UNITED STATES of America, Plaintiff-Appellee, v. Leodon RODRIGUEZ, Defendant-Appellant.
Defendant Leodon Rodriguez appeals his conviction under the Hobbs Act, 18 U.S.C. § 1951(a), for committing six motel robberies. Two elements are essential for a Hobbs Act prosecution: robbery and an effect on commerce. See 18 U.S.C. § 1951(a). This appeal focuses on the effect-on-commerce element. Rodriguez alleges that the evidence did not prove the robberies had the requisite effect on interstate commerce required under the Act, and that the district court erred in admitting testimony of the motel clerks regarding the registering of out-of-state guests to show this element. We affirm.
Between February 6 and February 28, 1998, Rodriguez and a co-defendant not a party to this appeal robbed five Miami/Dade County motels, one of them twice, for a total of $2,090 by holding up the motels' front desk clerks at gunpoint. A jury convicted Rodriguez of one count of conspiracy to obstruct commerce in violation of 18 U.S.C. § 1951(a); five counts of obstructing commerce by robbery, in violation of 18 U.S.C. § 1951(a); and six counts of carrying a firearm during and in relation to the robberies, 18 U.S.C. § 924(c). Defendant was sentenced to a total of 1,381 months in prison. On this appeal, defendant challenges only his convictions for the Hobbs Act violations.
I. Insufficiency of the evidence to prove interstate commerce
We review the sufficiency of the evidence to support Rodriguez's conviction de novo, viewing the evidence in the light most favorable to the government and drawing all reasonable inferences and credibility choices in favor of the jury's verdict. See United States v. Guerra, 164 F.3d 1358, 1359 (11th Cir.1999). The district court's denial of the motions for a judgment of acquittal will be upheld if a reasonable trier of fact could conclude that the evidence establishes the defendant's guilt beyond a reasonable doubt. See United States v. Castleberry, 116 F.3d 1384, 1388 (11th Cir.1997).
The Hobbs Act literally prohibits any act that “in any way or degree obstructs, delays, or affects commerce ․ by robbery or extortion․” 18 U.S.C. § 1951(a). The Supreme Court has made it clear that the Hobbs Act's broad jurisdictional language is to be read as meaning what it says: “[The] Act speaks in broad language, manifesting a purpose to use all the constitutional power Congress has to punish interference with interstate commerce by extortion, robbery or physical violence. The Act outlaws such interference ‘in any way or degree.’ ” Stirone v. United States, 361 U.S. 212, 215, 80 S.Ct. 270, 4 L.Ed.2d 252 (1960). The government needs only to establish a minimal effect on interstate commerce to support a violation of the Hobbs Act. See United States v. Guerra, 164 F.3d 1358, 1360 (11th Cir.1999); United States v. Castleberry, 116 F.3d 1384, 1387 (11th Cir.1997). A mere “depletion of assets” of a business engaged in interstate commerce will meet the requirement. See United States v. Guerra, 164 F.3d 1358, 1360 (11th Cir.1999).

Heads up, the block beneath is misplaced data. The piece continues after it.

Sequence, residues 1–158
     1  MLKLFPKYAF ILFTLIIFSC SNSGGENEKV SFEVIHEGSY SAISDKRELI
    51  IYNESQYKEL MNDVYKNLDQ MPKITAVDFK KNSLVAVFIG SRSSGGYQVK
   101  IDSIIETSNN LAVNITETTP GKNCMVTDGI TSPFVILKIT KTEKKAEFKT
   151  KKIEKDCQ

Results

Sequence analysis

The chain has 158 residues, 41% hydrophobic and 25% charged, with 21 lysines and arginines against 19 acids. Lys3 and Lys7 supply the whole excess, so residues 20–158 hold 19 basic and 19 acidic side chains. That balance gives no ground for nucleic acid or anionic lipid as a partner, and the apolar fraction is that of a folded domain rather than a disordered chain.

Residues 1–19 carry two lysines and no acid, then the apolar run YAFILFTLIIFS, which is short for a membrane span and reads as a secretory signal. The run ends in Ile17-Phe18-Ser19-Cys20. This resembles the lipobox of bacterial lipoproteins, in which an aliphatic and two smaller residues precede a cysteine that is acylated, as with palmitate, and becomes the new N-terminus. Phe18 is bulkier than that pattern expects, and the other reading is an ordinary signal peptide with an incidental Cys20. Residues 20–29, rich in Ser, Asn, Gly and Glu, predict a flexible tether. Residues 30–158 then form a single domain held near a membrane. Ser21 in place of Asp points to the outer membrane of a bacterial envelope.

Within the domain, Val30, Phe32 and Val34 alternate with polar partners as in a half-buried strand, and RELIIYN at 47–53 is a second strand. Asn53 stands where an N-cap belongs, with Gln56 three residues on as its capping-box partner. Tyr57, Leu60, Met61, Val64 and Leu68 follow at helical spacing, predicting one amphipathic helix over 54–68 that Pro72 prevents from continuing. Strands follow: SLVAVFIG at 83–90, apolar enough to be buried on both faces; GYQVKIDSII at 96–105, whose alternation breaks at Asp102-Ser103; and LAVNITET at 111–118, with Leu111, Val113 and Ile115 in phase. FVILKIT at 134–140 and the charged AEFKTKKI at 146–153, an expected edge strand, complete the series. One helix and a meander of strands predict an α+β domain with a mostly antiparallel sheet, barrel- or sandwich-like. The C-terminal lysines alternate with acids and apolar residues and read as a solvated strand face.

This is the evidence offered to establish that the motel was part of interstate commerce. The motel desk clerks testified that they personally had registered guests from out-of-state at some point. All but one motel desk clerk testified that they had registered guests from outside the country. An FBI agent testified that his review of the guest registration cards at two of the motels indicated there were out-of-state guests. Three of the motels had available in their lobbies brochures, fliers and other advertisements for tourist attractions in the local area and other parts of Florida.
Rather than citing cases where the evidence was held to be insufficient, defendant compares this relatively sparse amount of evidence to the evidence held sufficient in four other cases: United States v. Castleberry, 116 F.3d 1384 (11th Cir.1997); United States v. Kaplan, 171 F.3d 1351 (11th Cir.), cert. denied, 528 U.S. 928, 120 S.Ct. 323, 145 L.Ed.2d 252 (1999); United States v. Guerra, 164 F.3d 1358(11th Cir.1999); and United States v. Paredes, 139 F.3d 840 (11th Cir.1998). These cases do not require a reversal in this case.
First, such a comparison overlooks the factual distinctions in these cases which require different types of proof. Both Castleberry and Kaplan involve extortion schemes where the effect on interstate commerce was not readily apparent. In Castleberry, the defendant took money from his clients who were charged with driving under the influence (DUI), and paid money to the prosecutor to “dispose” of their cases. The government introduced evidence regarding the effect on commerce of nonprosecuted DUI cases as well as evidence regarding the flow in commerce of fines paid in such cases. At issue in Kaplan was an extortion scheme involving the defendant and a Panamanian lawyer. In that case, the government introduced evidence of foreign travel and interstate phone calls. Unlike Castleberry and Kaplan, the interstate commerce connection in this case is straightforward, involving the robbery of a commercial establishment engaged in interstate commerce.
United States v. Guerra, 164 F.3d 1358 (11th Cir.1999) and United States v. Paredes, 139 F.3d 840 (11th Cir.1998) involved cash robberies of establishments that sell products in interstate commerce. In both cases, the Court held that the government's evidence that the establishments sold goods manufactured from out of state was sufficient to establish the necessary interstate nexus. See Guerra, 164 F.3d at 1361 ($300 from service station that was part of a nationwide network of gas stations and primarily sold fuel products drawn from outside the state; forced to close for more than two hours during police investigation and lost business over next several days); Paredes, 139 F.3d at 844 (less than $170 in cash from two local convenient stores not connected to out-of-state stores; small amount of stores' merchandise manufactured outside of the state). These cases differ from this case. The proof of interstate commerce in this case is established by the traveling guests of the motels rather than interstate sales of products.